The unique utilitarian form and the sense that the engineers actually gave a **** and had some free reign from the marketing execs keyed me in, then Honda's reliability and the price drop, when the fanboys traded theirs in for the new model, sealed the deal! Its also nice to have a truck that cannot ever be misconstrued as a testosterone-outlet or a redneck's truck. My one and only complaint is that it only comes with an automatic transmission.

Cab wing: It would be hard to install without drilling into the body. I don't want to hijack or pull too hard towards an aerocap, but there are already five symmetrically placed pre-existing screw holes in the box for mounting the tonneau Honda expected everyone to have (they even lowered the tailgate height for it). It would be very easy and structurally sound to mount something to those instead...

Slightly off topic, it would be great to see what kind of ecomods could be done to the 2017+ model. That base .31 Cd plus a good aerocap and a boattail on the dual-action tailgate (only open to the side when boat tail is attached lol) would be record-worthy.
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Old 05-10-2017, 08:09 PM   #14 (permalink)
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You can't divert the air and decrease drag. Drag is a result of making the air move that was previously sitting still. Anything you do to add energy to the air will require that you add energy from you vehicle.....the air does not just move itself. I think too often we get caught up in the concept that air is moving over our vehicles....our vehicles move through the air. Subtle but VERY significant difference.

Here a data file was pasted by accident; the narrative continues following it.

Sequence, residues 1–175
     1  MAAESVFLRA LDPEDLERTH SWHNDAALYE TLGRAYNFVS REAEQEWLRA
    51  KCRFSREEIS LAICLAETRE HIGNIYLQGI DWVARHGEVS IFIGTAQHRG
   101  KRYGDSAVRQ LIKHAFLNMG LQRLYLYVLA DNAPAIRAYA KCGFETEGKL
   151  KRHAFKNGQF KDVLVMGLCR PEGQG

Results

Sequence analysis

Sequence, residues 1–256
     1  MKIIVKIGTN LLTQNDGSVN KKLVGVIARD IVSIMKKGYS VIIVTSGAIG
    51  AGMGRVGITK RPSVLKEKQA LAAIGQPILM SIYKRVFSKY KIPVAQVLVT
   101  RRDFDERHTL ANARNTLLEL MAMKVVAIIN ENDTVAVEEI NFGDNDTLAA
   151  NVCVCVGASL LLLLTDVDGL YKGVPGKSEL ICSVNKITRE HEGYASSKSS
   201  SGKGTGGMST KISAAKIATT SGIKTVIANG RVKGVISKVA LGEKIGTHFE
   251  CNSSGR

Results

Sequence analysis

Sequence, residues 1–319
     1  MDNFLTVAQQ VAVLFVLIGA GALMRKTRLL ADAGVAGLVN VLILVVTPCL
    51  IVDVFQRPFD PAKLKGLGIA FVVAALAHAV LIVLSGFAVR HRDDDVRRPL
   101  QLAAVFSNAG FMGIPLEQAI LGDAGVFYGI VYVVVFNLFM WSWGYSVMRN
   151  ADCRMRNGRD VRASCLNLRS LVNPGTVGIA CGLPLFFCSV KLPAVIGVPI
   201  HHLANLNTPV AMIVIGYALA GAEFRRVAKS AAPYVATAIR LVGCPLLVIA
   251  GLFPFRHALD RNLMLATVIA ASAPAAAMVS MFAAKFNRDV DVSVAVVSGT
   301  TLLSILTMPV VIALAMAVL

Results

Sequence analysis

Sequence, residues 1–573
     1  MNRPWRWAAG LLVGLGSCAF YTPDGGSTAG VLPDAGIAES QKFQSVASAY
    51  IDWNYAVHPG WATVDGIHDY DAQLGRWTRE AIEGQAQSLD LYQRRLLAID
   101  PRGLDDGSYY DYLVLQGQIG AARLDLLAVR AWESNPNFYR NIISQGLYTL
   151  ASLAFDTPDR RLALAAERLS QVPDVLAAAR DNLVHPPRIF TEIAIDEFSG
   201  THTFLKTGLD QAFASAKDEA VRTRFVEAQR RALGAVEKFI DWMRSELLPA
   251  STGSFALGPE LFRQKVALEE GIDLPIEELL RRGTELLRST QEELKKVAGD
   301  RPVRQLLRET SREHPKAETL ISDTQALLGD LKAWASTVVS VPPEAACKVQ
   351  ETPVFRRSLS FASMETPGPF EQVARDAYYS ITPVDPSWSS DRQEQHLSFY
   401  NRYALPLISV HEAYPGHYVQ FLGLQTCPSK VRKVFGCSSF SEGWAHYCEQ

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Old 05-10-2017, 10:18 PM   #15 (permalink)
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Use this to plan your attack on the rear of the Ridgeline -

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Old 05-10-2017, 10:40 PM   #16 (permalink)
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Yeah, what he says, build this and you'll drop your Lift coefficient AND Drag Coefficient. It'll feel like you put a downforce wing on it and improve your mileage ta boot.



You think it's coincidence that modern vehicles look like this in back????

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Old 05-11-2017, 01:39 AM   #17 (permalink)
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I agree Chaz, but I would be more aggressive and make the top more "Kamm-back-y". Instead of making it as a typical cover with the back edge sloping front to rear, go the opposite way. If I had Wi-Fi, I'd draw a mock up of what I'm suggesting.

And rounding out the edges as you get closer to the rear helps Cd, but makes the construction a bit harder.
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Old 05-11-2017, 02:59 AM   #18 (permalink)
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Quote:
And rounding out the edges as you get closer to the rear helps Cd, but makes the construction a bit harder.
As much as you can consider the front top and sides to be flat, you can make it out of three triangles (pointing back) and two simple curved conic sections (pointing forward).